As soon as the doctor called me in from the waiting room, I knew there was something wrong. She’d been quite smiley when she first examined me three weeks before. Now she was grim-faced. I’d been seeing this appointment as a routine chat, leading to my discharge with a clean bill of health. A bit of NHS time-wasting to tick me off a list, when they could have easily phoned me with the results. I was humouring them, and respecting the system, by turning up like a good girl. But this serious expression wasn’t part of that script. As we followed my doctor into the little NHS cubicle, I felt the first jag of doubt. But I told myself it would all be fine.
“I’m afraid it’s bad news,’ she said. She kept on talking, but in my head there was a pause while I tried to force these words to mean something different. We’ve seen it on the X Factor often enough. ‘It’s bad news …. you’re going through to the next round,’ says the callous presenter to the hapless contestant. It’s cruel, but we forgive them because it’s good telly …and, ultimately, good news. But this time, there was no twist. The bad news was staying bad, and getting worse.
‘It’s malignant melanoma, it’s very deep, it’s bad, it’s skin cancer ….’ These were the words sliding around my head, none quite settling long enough, at first, for me to grasp.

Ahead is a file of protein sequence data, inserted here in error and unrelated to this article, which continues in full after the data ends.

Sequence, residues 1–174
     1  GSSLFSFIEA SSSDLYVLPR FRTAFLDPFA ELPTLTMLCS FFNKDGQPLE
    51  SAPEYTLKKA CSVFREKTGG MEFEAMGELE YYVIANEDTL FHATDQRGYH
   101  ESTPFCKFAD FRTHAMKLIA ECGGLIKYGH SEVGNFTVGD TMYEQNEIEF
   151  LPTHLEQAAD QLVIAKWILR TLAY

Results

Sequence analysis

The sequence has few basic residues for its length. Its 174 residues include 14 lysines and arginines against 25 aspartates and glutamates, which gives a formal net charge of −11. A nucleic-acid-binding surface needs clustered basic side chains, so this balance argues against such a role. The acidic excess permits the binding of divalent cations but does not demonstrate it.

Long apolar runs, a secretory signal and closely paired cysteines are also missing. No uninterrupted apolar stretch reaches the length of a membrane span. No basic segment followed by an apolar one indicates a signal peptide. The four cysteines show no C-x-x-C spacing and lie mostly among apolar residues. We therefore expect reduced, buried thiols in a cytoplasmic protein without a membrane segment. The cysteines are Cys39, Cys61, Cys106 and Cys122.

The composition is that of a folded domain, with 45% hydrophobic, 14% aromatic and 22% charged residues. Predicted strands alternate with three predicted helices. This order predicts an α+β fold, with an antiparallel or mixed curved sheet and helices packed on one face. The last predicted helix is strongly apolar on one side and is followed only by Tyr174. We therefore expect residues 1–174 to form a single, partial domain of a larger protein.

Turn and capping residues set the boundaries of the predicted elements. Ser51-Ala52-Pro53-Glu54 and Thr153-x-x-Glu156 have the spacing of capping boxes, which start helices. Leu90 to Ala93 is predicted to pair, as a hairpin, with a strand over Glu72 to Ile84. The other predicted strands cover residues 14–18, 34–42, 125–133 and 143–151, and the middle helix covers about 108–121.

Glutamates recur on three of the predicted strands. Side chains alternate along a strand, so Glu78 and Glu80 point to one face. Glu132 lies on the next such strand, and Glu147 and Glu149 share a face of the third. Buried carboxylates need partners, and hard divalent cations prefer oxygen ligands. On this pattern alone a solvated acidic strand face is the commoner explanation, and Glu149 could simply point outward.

Then came a pause. The nice doctor was looking expectantly at me. By this time, terrifyingly, a ‘cancer nurse’ had also been produced, and was looking my way too. They were expecting questions. I tried to think of some. It was hard, though, because when I had previously landed on a malignant melanoma site the week before, I’d shut it down as quickly as I could. I’d been there just long enough to see that the mole I’d had removed filled all the so-called ABCD criteria for melanoma. I knew there were things I should be asking, I just didn’t know what they were.
We started asking about prognosis, about outcomes, about, basically, what was going to happen next. But there were no easy answers. The doctor told me several different ways that she couldn’t give me certainties. The cancer nurse said I was now on a pathway.
A pathway! I thought irresistibly of the Yellow Brick Road, which leads to the great gleaming scam of the Wizard of Oz – but then to home. There’s no place like home. I went home, to think about it all.
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